(Reuters) - U.S. railroad operator CSX Corp said on Thursday it would stick with a plan started by former Chief Executive Hunter Harrison, who died in December, to boost profit through cutting jobs and rail cars, and would also slash capital spending.
Harrison, an investor favorite for leading turnarounds of Canada’s two major railroads, died just eight months into a dramatic restructuring campaign that included slashing jobs, shutting multiple rail yards, mothballing locomotives and rail cars and running fewer - but longer - trains on strict schedules rather than based on customer needs.
“We are picking up right where Hunter left off, and we are going to deliver, just as he envisioned,” Jim Foote, who was appointed to succeed Harrison in December, told Reuters in an interview after outlining details of CSX’s three-year plan at an investor meeting in New York.
CSX shares, which ended the trading day up about 1 percent, have surged about 50 percent since January 2017 and about 12 percent since March 2017, when Harrison took over as CEO following a push by activist investor Paul Hilal of investment fund Mantle Ridge LP.
While shippers have said service levels have steadily improved since a nadir last summer, CSX’s overhaul has triggered complaints over service delays, crew and rail car shortages and higher freight costs as recently as last month, and drawn scrutiny from federal regulators.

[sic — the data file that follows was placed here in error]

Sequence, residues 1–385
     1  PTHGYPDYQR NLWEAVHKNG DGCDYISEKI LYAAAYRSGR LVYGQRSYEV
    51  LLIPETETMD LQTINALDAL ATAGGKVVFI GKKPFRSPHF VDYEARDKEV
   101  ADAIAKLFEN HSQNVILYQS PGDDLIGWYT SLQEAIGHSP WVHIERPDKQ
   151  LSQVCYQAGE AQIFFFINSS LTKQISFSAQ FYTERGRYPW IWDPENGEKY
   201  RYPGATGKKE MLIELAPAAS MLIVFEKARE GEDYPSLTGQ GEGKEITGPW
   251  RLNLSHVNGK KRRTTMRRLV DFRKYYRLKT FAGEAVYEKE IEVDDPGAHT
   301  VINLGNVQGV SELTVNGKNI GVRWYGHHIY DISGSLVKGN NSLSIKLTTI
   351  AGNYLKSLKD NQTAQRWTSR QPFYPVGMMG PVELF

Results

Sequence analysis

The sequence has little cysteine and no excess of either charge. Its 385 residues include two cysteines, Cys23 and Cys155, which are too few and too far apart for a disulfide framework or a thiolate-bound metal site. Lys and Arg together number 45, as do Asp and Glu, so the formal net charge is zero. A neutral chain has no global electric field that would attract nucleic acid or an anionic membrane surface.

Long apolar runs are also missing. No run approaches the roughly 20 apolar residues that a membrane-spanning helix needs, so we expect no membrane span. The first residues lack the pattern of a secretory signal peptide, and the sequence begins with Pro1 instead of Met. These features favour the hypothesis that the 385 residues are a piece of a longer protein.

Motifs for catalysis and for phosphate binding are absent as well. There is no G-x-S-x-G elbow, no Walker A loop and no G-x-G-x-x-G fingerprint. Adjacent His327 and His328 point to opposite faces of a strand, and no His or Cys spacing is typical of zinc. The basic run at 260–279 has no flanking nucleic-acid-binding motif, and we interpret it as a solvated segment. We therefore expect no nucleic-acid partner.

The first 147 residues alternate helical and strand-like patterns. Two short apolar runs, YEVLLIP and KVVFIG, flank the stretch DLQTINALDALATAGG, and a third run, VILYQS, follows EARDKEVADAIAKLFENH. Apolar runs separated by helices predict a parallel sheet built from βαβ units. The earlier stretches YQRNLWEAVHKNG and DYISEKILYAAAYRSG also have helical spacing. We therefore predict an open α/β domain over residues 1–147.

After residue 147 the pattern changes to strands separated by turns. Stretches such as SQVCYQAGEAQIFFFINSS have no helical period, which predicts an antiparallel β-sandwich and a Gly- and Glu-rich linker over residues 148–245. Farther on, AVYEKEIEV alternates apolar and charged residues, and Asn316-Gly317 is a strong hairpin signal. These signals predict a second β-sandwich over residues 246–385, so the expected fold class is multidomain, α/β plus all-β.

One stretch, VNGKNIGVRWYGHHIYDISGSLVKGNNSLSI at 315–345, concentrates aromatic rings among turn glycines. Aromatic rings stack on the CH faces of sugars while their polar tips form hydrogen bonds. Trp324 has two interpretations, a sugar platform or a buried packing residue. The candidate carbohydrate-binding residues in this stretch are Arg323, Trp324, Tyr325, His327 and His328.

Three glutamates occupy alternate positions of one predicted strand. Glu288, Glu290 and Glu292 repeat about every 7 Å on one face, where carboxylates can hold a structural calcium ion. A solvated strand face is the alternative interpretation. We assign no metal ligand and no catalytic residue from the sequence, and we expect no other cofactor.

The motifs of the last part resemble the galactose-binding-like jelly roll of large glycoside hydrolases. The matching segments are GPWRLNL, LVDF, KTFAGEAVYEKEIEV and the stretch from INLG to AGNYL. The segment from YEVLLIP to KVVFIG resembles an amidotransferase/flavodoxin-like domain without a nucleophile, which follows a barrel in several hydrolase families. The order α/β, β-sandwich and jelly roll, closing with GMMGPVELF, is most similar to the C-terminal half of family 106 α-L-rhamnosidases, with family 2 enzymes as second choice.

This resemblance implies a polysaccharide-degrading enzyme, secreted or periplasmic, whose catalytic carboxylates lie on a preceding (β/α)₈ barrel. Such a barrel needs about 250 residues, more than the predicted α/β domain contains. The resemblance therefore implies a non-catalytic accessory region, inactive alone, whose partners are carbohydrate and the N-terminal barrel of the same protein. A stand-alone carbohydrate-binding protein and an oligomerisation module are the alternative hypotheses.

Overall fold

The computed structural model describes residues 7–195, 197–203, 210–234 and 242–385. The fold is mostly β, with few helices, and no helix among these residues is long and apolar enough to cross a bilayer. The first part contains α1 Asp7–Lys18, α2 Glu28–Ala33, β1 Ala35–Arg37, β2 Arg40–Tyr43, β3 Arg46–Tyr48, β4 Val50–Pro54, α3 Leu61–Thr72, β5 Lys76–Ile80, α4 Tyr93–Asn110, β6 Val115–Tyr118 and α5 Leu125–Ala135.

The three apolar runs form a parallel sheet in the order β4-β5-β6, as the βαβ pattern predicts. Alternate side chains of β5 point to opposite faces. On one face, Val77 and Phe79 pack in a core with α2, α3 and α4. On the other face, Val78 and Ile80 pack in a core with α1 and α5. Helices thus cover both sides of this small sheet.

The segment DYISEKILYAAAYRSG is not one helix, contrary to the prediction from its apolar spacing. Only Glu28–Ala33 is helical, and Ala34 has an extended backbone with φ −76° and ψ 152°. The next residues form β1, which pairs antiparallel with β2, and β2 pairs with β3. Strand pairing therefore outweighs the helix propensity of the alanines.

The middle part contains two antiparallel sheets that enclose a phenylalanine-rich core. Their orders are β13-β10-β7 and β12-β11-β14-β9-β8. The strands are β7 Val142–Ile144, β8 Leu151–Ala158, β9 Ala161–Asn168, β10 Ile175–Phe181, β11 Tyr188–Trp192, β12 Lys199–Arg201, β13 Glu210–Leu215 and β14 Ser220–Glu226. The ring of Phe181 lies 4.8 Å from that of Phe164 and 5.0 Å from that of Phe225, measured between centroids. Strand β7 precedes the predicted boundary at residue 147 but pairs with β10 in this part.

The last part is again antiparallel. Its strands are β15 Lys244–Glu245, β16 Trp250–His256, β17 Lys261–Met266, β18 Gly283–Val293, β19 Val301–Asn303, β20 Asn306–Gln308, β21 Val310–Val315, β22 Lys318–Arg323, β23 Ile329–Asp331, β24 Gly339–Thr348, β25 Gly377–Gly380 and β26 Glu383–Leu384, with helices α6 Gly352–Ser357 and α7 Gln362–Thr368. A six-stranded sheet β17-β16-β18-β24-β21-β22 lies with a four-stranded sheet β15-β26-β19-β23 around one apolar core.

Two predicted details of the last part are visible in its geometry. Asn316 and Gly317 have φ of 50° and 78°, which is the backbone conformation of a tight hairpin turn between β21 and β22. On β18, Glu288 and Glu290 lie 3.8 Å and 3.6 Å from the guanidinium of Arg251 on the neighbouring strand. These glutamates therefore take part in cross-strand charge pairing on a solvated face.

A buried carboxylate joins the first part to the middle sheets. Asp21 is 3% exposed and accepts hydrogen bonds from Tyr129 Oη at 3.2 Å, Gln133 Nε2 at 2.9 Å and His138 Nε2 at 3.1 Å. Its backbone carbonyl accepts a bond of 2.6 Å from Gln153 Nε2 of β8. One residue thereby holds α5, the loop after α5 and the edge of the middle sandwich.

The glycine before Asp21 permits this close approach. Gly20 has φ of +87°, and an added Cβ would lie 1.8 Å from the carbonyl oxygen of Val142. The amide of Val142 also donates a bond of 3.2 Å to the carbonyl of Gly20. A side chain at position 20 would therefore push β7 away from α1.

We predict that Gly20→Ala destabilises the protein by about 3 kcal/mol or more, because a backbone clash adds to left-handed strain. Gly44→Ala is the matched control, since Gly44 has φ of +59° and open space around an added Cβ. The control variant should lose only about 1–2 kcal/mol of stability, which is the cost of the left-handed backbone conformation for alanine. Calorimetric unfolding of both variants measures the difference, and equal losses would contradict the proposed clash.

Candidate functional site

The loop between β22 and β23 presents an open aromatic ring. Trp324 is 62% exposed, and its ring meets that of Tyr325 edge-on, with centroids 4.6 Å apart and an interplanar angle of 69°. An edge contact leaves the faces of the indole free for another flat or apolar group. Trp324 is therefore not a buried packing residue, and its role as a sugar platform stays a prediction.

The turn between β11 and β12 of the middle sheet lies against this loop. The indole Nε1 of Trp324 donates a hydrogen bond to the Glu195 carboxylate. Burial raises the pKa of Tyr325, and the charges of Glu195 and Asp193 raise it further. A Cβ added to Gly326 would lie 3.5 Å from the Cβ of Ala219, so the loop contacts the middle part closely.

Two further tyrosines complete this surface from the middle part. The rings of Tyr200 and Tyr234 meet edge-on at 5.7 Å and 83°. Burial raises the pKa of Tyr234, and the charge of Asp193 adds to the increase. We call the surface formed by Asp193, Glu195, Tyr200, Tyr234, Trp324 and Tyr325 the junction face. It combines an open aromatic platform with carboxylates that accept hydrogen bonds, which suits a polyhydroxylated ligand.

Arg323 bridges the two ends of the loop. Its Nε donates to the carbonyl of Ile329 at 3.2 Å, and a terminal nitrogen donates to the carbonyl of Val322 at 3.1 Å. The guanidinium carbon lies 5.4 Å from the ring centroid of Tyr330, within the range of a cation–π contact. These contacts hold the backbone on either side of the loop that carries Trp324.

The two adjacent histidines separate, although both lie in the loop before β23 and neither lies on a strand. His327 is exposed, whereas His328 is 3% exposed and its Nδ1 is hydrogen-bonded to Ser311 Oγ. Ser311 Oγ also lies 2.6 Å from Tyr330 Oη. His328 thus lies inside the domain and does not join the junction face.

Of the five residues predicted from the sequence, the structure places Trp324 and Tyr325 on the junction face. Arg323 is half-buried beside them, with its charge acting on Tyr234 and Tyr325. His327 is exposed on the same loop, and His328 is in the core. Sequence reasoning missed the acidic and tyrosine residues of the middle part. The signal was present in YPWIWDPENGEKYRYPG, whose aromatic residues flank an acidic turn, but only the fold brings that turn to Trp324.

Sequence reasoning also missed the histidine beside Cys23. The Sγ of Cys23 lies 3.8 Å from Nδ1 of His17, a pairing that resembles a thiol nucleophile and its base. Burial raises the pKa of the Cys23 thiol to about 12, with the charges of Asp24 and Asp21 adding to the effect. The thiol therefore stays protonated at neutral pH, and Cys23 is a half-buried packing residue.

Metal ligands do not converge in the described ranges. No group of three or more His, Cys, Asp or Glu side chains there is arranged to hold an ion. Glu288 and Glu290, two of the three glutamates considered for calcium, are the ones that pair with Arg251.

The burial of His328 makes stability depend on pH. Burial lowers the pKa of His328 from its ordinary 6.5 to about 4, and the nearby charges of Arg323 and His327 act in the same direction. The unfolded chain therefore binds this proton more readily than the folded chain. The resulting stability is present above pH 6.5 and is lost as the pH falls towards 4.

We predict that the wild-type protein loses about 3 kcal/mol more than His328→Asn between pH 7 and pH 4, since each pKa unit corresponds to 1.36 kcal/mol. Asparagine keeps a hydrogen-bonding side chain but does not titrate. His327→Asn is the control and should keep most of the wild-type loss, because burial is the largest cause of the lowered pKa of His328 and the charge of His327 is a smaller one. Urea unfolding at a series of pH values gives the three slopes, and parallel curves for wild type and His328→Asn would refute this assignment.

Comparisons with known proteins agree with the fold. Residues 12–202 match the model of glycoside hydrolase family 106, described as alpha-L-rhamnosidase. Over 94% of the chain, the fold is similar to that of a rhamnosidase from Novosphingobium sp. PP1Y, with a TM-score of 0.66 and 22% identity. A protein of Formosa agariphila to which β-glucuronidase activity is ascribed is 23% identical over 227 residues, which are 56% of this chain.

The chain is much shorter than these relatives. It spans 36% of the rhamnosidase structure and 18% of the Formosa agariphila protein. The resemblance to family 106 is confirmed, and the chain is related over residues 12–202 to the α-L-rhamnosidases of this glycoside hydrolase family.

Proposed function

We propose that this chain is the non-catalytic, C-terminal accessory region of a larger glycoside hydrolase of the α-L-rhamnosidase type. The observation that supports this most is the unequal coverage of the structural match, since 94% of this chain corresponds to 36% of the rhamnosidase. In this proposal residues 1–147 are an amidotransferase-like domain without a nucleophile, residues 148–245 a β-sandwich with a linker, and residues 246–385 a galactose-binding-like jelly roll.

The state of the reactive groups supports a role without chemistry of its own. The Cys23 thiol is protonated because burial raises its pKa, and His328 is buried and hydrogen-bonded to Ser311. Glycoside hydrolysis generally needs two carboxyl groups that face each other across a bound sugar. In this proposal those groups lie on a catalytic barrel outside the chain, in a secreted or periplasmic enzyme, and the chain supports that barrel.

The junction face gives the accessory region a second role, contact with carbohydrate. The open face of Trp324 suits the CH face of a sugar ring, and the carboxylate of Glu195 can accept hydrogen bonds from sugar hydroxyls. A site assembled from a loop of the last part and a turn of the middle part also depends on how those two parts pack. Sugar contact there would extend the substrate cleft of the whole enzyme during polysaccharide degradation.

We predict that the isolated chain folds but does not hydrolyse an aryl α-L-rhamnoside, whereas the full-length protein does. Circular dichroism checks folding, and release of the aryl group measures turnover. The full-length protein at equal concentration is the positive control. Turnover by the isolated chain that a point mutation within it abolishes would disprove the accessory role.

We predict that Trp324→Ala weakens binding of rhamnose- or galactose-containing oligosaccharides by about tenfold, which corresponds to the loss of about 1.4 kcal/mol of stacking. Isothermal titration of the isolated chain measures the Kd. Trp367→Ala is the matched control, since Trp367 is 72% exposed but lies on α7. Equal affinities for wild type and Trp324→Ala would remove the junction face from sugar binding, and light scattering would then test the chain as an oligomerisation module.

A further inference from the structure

Foote and his revamped management team told investors the railroad’s plan would drive efficiency, improve service and reduce costs.
CSX reaffirmed it would lower its operating ratio - a closely tracked measure of operating expenses as a percentage of revenue – to 60 percent by 2020 from 67.9 percent at year-end 2017.
It is also reducing average yearly capital spending through 2020 to roughly $1.6 billion, down from about $2.7 billion in 2017. Chief Financial Officer Frank Lonegro told investors that CSX would be replacing tracks but not buying new locomotives or rail cars.
Shareholders have rallied around the new CEO and applauded recent hires including Ed Harris, who managed operations and worked with Harrison at Canadian National Railway Co.
“The management team has been immersed in Hunter Harrison’s philosophy and is genuinely excited about the opportunity ahead of them,” said Taylor Glasebrook, associate portfolio manager at Neuberger Berman, an investment firm that owns CSX shares.
The Jacksonville, Florida-based railroad, the third-largest in the United States, said it would reduce its workforce by an estimated 2,200 jobs by the end of 2018 and a further 4,000 in 2020 through cuts and attrition.
It plans to cut the number of locomotives by up to 20 percent by 2020, while also reducing the number of rail cars it uses by more than 20 percent.
CSX said it expected 4 percent average annual revenue growth in 2019 and 2020, driven by rising freight volumes and higher pricing.
It added it could raise $800 million from selling off rail lines and real estate.
Reporting by Eric M. Johnson in Seattle; Additional reporting by Svea Herbst-Bayliss in Boston and Arunima Banerjee in Bengaluru; Editing by Tom Brown and Peter Cooney